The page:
6.9/10
18,962
224 user 89 critic

House on Haunted Hill (1959)

Not Rated | | Horror, Mystery | 17 February 1959 (USA)
A millionaire offers $10,000 to five people who agree to be locked in a large, spooky, rented house overnight with him and his wife.

Directors:

William Castle, Rosemary Horvath (uncredited)

Writer:

Robb White
Reviews

Watch Now

With Prime Video

WATCH NOW
ON DISC

Photos

Learn more

More Like This 

House of Wax (1953)
Certificate: GP Horror
    1 2 3 4 5 6 7 8 9 10 7.1/10 X  

An associate burns down a wax museum with the owner inside, but he survives only to become vengeful and murderous.

Director: André De Toth
Stars: Vincent Price, Frank Lovejoy, Phyllis Kirk
Horror | Mystery | Thriller
    1 2 3 4 5 6 7 8 9 10 5.6/10 X  

An amusement park mogul offers a group of diverse people $1,000,000 to spend the night in a haunted house with a horrifying past.

Director: William Malone
Stars: Geoffrey Rush, Famke Janssen, Taye Diggs
Horror | Sci-Fi
    1 2 3 4 5 6 7 8 9 10 6.9/10 X  

When a disease turns all of humanity into the living dead, the last man on earth becomes a reluctant vampire hunter.

Directors: Ubaldo Ragona, Sidney Salkow
Stars: Vincent Price, Franca Bettoia, Emma Danieli
Drama | Horror
    1 2 3 4 5 6 7 8 9 10 7/10 X  

Upon entering his fiancée's family mansion, a man discovers a savage family curse and fears that his future brother-in-law has entombed his bride-to-be prematurely.

Director: Roger Corman
Stars: Vincent Price, Mark Damon, Myrna Fahey
The Haunting (1963)
Horror
    1 2 3 4 5 6 7 8 9 10 7.6/10 X  

A scientist doing research on the paranormal invites two women to a haunted mansion. One of the participants soon starts losing her mind.

Director: Robert Wise
Stars: Julie Harris, Claire Bloom, Richard Johnson
Comedy | Horror
    1 2 3 4 5 6 7 8 9 10 7.2/10 X  

A doctor, scientist, organist, and biblical scholar, Anton Phibes, seeks revenge on the nine doctors he considers responsible for his wife's death.

Director: Robert Fuest
Stars: Vincent Price, Joseph Cotten, Hugh Griffith
The Tingler (1959)
Horror
    1 2 3 4 5 6 7 8 9 10 6.7/10 X  

An obsessed pathologist discovers and captures a parasitic creature that grows when fear grips its host.

Director: William Castle
Stars: Vincent Price, Judith Evelyn, Darryl Hickman
The Fly (1958)
Drama | Horror | Sci-Fi
    1 2 3 4 5 6 7 8 9 10 7.1/10 X  

A scientist has a horrific accident when he tries to use his newly invented teleportation device.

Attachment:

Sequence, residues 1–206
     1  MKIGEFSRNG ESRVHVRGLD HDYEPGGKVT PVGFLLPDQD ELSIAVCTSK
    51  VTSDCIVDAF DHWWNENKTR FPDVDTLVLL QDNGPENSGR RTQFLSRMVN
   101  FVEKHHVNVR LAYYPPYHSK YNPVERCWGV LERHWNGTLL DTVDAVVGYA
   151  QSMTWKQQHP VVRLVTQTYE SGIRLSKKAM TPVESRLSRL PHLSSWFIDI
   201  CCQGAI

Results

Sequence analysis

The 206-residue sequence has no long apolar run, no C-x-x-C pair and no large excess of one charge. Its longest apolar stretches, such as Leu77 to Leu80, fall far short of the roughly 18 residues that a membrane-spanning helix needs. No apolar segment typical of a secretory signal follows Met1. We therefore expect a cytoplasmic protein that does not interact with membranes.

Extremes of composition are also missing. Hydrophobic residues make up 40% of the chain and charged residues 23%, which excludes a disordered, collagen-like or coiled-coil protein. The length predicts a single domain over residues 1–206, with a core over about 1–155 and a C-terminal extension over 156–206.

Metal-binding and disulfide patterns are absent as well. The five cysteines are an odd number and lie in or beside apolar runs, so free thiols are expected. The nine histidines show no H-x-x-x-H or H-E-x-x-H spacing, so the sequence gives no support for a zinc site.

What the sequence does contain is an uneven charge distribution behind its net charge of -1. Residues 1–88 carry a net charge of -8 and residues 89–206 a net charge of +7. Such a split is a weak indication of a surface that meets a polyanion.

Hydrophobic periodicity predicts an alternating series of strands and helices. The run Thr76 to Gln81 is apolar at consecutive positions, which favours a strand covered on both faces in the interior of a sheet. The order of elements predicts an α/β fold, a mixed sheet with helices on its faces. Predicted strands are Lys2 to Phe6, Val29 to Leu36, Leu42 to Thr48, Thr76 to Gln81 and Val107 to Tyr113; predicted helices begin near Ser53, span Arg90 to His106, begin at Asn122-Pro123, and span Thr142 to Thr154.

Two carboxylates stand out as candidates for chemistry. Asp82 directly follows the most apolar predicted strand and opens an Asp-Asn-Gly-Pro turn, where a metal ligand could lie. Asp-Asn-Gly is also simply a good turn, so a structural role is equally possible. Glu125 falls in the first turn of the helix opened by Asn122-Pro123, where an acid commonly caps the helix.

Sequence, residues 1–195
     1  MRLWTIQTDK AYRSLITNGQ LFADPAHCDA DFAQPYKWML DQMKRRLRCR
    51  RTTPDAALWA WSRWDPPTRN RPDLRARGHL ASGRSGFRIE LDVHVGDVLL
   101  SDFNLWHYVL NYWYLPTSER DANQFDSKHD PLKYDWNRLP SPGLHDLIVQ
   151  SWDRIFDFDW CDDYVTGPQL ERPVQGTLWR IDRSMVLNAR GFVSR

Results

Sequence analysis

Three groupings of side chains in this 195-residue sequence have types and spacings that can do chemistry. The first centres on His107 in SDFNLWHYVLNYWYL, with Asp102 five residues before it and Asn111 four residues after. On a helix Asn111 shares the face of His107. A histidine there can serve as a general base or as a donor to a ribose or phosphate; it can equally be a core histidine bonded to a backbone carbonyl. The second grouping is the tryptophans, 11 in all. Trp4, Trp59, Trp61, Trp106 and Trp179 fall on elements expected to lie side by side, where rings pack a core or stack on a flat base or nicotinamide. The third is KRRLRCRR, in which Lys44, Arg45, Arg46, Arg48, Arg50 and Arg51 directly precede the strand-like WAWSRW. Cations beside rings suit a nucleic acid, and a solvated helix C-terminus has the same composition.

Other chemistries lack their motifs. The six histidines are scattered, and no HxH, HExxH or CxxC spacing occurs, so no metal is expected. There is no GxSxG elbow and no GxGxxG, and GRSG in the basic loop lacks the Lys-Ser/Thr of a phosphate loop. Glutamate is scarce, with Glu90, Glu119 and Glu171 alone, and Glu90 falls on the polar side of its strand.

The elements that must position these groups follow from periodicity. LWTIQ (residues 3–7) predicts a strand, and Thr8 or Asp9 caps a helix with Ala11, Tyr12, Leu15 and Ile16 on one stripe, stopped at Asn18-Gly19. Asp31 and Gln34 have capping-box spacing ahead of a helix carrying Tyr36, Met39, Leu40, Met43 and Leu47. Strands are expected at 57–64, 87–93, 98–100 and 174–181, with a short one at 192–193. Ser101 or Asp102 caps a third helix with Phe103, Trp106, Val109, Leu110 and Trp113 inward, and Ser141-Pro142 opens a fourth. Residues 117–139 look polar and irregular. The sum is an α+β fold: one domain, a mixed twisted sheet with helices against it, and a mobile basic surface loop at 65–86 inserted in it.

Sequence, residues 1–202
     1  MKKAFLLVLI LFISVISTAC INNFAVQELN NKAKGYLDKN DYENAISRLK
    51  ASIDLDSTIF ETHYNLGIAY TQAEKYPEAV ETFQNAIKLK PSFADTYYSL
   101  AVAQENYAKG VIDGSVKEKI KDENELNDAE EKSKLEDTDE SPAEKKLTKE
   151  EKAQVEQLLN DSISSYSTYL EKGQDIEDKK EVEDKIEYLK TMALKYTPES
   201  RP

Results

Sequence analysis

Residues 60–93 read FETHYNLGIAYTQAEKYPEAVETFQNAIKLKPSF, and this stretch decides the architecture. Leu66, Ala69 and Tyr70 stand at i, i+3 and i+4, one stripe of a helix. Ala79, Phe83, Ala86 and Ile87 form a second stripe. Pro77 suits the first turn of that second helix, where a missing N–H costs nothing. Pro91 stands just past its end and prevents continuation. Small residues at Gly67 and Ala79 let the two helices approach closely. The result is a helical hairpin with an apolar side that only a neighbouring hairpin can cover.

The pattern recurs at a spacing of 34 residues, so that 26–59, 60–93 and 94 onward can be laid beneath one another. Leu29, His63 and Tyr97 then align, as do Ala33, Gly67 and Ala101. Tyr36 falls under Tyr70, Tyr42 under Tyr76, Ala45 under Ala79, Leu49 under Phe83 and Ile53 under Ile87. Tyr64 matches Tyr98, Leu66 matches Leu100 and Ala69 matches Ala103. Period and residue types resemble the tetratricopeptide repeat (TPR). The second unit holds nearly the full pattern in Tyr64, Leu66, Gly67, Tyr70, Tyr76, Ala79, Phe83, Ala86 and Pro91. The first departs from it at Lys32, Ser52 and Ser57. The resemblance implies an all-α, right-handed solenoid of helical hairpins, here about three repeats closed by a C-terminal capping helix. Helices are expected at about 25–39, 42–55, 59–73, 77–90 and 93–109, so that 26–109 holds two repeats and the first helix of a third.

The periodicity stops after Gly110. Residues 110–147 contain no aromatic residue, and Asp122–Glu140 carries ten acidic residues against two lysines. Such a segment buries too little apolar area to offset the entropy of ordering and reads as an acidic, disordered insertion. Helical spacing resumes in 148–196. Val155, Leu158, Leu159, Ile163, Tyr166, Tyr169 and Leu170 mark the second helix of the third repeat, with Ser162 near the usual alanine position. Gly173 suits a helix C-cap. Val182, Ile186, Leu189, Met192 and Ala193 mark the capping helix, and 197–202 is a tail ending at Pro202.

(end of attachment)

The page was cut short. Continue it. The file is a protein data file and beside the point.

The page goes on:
Director: Kurt Neumann
Stars: David Hedison, Patricia Owens, Vincent Price
Drama | Horror | Mystery
    1 2 3 4 5 6 7 8 9 10 7.1/10 X  

In the sixteenth century, Francis Barnard travels to Spain to clarify the strange circumstances of his sister's death after she had married the son of a cruel Spanish Inquisitor.

Director: Roger Corman
Stars: Vincent Price, Barbara Steele, John Kerr
The Bat (1959)
Horror | Mystery | Thriller
    1 2 3 4 5 6 7 8 9 10 6.1/10 X  

A crazed killer known as "The Bat" is on the loose in a mansion full of people.

Director: Crane Wilbur
Stars: Vincent Price, Agnes Moorehead, Gavin Gordon
Horror
    1 2 3 4 5 6 7 8 9 10 7.1/10 X  

A European prince terrorizes the local peasantry while using his castle as a refuge against the "Red Death" plague that stalks the land.

Director: Roger Corman
Stars: Vincent Price, Hazel Court, Jane Asher
Horror
    1 2 3 4 5 6 7 8 9 10 6.8/10 X  

Charles Dexter Ward arrives at a small village to visit the house he inherited from his ancestor who died there 100 years ago.

Director: Roger Corman
Stars: Vincent Price, Debra Paget, Lon Chaney Jr.
Edit

Cast

Complete credited cast:
Vincent Price ... Frederick Loren
Carol Ohmart ... Annabelle Loren
Richard Long ... Lance Schroeder
Alan Marshal ... Dr. David Trent
Carolyn Craig ... Nora Manning
Elisha Cook Jr. ... Watson Pritchard (as Elisha Cook)
Julie Mitchum Julie Mitchum ... Ruth Bridgers
Leona Anderson ... Mrs. Slydes
Howard Hoffman Howard Hoffman ... Jonas
Skeleton ... Himself
Edit

Storyline

Eccentric millionaire Fredrick Loren and his 4th wife, Annabelle, have invited 5 people to the house on Haunted Hill for a "haunted House" party. Whoever will stay in the house for one night will earn ten thousand dollars each. As the night progresses, all the guests are trapped inside the house with ghosts, murderers, and other terrors. Written by Tony Mayer <tones120c@aol.com>

Plot Summary | Plot Synopsis

Taglines:

The 13 greatest shocks of all time! See more »

Genres:

Horror | Mystery

Certificate:

Not Rated | See all certifications »

Parents Guide:

View content advisory »
Edit

Details

Country:

USA

Language:

English

Release Date:

17 February 1959 (USA) See more »

Also Known As:

The House on Haunted Hill See more »

Edit

Box Office

Budget:

$200,000 (estimated)
See more on IMDbPro »

Company Credits

Show more on IMDbPro »

Technical Specs

Runtime:

Sound Mix:

Mono (Westrex Recording System)

Aspect Ratio:

1.85 : 1
See full technical specs »
Edit

Did You Know?

Trivia

The failure of the original copyright holder to renew the film's copyright resulted in it falling into public domain, meaning that virtually anyone could duplicate and sell a VHS/DVD copy of the film. Therefore, many of the versions of this film available on the market are either severely (and usually badly) edited and/or of extremely poor quality, having been duped from second- or third-generation (or more) copies of the film. See more »

Goofs